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Monday, November 28, 2022

Leonid Meteor Shower to Peak Today

Leonid meteors travel close to our horizon, and are hence termed 'Earth-grazers'

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Russell Chattaraj
Russell Chattaraj
Mechanical engineering graduate, writes about science, technology and sports, teaching physics and mathematics, also played cricket professionally and passionate about bodybuilding.

INDIA: The Leonid meteor shower is set to light up the night’s sky in the early hours of Friday.

Every November, the Leonid meteor shower, known for releasing some of the fastest meteors, appears. Leonid meteors travel close to our horizon, and are hence termed ‘Earth-grazers’.

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Because of the meteor storm that comes every 33 years and sends hundreds of meteors crashing to Earth, they are regarded as among the most stunning meteor showers ever seen by humans.

Although there won’t be any showers this year, there are still plenty of opportunities to observe the magnificent Leonids.

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The showers will peak on Thursday night at 6 p.m. CT, according to EarthSky. The celestial event will be visible to everyone who is at that time on the night side of the globe.

The North Taurid meteor shower and the Leonid meteor shower are both active through December 2. At its best, skywatchers can observe 10 to 15 meteors every hour.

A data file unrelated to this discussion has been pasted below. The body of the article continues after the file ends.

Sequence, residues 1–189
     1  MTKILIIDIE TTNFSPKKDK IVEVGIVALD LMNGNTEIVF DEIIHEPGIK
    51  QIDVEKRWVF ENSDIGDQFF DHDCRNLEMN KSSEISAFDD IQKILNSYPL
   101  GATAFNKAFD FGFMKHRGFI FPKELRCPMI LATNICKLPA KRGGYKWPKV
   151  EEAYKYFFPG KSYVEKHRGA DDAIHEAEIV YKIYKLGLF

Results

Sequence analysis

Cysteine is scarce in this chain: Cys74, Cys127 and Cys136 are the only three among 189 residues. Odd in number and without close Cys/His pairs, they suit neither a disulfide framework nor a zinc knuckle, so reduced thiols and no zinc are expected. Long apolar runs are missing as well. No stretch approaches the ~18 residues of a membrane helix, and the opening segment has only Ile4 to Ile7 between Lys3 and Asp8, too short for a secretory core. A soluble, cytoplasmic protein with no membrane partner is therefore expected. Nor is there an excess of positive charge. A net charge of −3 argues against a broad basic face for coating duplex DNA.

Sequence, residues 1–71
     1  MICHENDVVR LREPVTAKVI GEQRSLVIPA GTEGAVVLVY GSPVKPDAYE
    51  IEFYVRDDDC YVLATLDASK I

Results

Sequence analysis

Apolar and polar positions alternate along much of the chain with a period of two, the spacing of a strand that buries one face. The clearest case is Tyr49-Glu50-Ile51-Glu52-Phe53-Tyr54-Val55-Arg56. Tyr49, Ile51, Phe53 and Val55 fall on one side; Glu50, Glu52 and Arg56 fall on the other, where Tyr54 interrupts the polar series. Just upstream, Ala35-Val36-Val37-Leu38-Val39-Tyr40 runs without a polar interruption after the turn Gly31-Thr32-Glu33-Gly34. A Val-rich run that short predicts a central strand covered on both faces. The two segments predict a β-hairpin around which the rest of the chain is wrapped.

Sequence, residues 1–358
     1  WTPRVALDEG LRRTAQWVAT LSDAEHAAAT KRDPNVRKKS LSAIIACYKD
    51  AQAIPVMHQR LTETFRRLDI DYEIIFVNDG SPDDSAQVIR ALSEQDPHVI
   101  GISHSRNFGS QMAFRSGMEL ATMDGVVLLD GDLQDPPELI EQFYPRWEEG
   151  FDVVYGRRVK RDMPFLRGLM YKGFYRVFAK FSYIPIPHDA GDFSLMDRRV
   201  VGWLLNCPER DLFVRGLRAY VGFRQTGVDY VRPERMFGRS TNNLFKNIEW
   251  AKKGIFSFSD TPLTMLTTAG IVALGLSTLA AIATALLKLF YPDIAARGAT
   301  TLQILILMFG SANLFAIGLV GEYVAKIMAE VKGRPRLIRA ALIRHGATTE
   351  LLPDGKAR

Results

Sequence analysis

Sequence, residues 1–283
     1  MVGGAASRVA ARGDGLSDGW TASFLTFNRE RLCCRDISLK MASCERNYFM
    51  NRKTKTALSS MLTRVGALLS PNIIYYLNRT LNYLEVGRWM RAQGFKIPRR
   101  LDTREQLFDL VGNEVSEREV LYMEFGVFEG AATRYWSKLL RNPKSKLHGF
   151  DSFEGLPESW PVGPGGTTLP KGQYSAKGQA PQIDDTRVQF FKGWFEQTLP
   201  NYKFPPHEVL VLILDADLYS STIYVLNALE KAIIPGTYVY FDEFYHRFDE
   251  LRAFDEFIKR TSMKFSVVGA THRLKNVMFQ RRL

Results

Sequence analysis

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Because they move in the opposite direction from the way the Earth rotates, meteors almost literally strike head-on into the atmosphere.

The space rocks are commonly seen moving through the sky at 44 miles per second (71 kilometers per second), making them some of the quickest meteors to originate from one of the crucial seasonal meteor showers, claims Robert Lunsford. He organizes the American Meteor Society’s fireball report.

Lunsford asserts that the more brilliant meteors frequently leave glowing trails in their wake and occasionally even smoke streaks in the sky that can continue for several minutes.

According to NASA, the Leonid meteor shower is also distinguished by spectacular fireballs, meteors that are so massive they glow brighter than Venus, and Earth grazers. These meteors streak near the horizon and are distinguished by their long, luminous tails.

The forecast for Thursday evening, around this peak, will be mostly clear skies on the United States coasts (New York City and Los Angeles) with a 0% chance of rain, according to Allison Chinchar, a CNN meteorologist.

Those in the Midwest (Chicago) will have less favorable conditions for sky watching, with overcast skies and a 30% chance of snow.

Also Read: Orionid Meteor Shower: The Earth’s Encounter with Halley’s Comet

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  • Russell Chattaraj

    Mechanical engineering graduate, writes about science, technology and sports, teaching physics and mathematics, also played cricket professionally and passionate about bodybuilding.

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